The average credit score for U.S. consumers dropped two points to 669 at the end of January from 671 at the start of the year, according to a report released today by Credit Karma Inc., a San Francisco-based company that tracks national credit scores. The average score is down eight points from just two months ago. Credit Karma pulled its new data from 100,500 users. 

Ken Lin, Credit Karma's CEO, in an e-mail to Collections & Credit Risk, predicted that credit scores will hold steady in 2010. “I think many people really started to get a handle on their finances in 2008. They started to pay attention to how their credit was affecting them,” says Lin. “This is why you don’t see such big decreases [in 2009] as you may expect.”

Consumers in the Miami Metropolitan Statistical Area (MSA) started the year with the lowest credit scores nationwide, with an average of 654 - 15 points below the national average. Scores increased for individuals in just three states - Texas (660), North Carolina (664) and South Carolina (648). All three are still below the national average. Scores declined by more than five points in three states: Louisiana from 645 to 639; Michigan from 662 to 657; and Missouri from 663 to 656.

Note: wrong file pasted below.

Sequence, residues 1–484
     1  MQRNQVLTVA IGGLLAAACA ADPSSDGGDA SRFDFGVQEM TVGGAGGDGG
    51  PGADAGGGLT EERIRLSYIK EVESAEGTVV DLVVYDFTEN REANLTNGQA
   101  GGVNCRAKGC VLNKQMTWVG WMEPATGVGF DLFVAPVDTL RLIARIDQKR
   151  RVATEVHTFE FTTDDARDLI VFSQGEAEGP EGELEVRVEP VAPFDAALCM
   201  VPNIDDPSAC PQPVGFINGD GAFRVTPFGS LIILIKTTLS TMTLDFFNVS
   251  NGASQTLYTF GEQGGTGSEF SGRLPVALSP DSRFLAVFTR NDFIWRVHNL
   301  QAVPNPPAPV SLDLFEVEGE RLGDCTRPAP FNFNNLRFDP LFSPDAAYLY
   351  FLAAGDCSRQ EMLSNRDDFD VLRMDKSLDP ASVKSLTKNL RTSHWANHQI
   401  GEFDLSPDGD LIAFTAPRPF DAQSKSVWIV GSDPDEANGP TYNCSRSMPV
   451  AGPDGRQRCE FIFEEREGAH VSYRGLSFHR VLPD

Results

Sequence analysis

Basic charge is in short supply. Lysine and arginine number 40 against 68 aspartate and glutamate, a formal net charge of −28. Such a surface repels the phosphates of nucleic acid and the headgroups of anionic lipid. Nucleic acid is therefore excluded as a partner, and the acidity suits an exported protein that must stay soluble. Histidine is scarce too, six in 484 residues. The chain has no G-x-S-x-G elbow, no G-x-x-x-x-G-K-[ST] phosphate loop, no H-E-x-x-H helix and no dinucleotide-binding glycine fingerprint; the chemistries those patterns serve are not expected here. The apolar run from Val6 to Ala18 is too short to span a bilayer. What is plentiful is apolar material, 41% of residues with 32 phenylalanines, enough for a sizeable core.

Nationwide, consumers lowered their credit card debt by 2% in January from a month earlier, ending a three-month upward trend. Consumers ended January with average credit card debt of $7,925, down from $8,079 at the end of 2009. Consumers in four states - Kentucky, Minnesota, Oregon and West Virginia - paid down card debt by more than 5%.

Each month, the Credit Karma U.S. Consumer Credit Score Climate Report compares the credit scores of its user base with previous scores pulled at least 30 days earlier and no more than 90 days earlier than the stated month.

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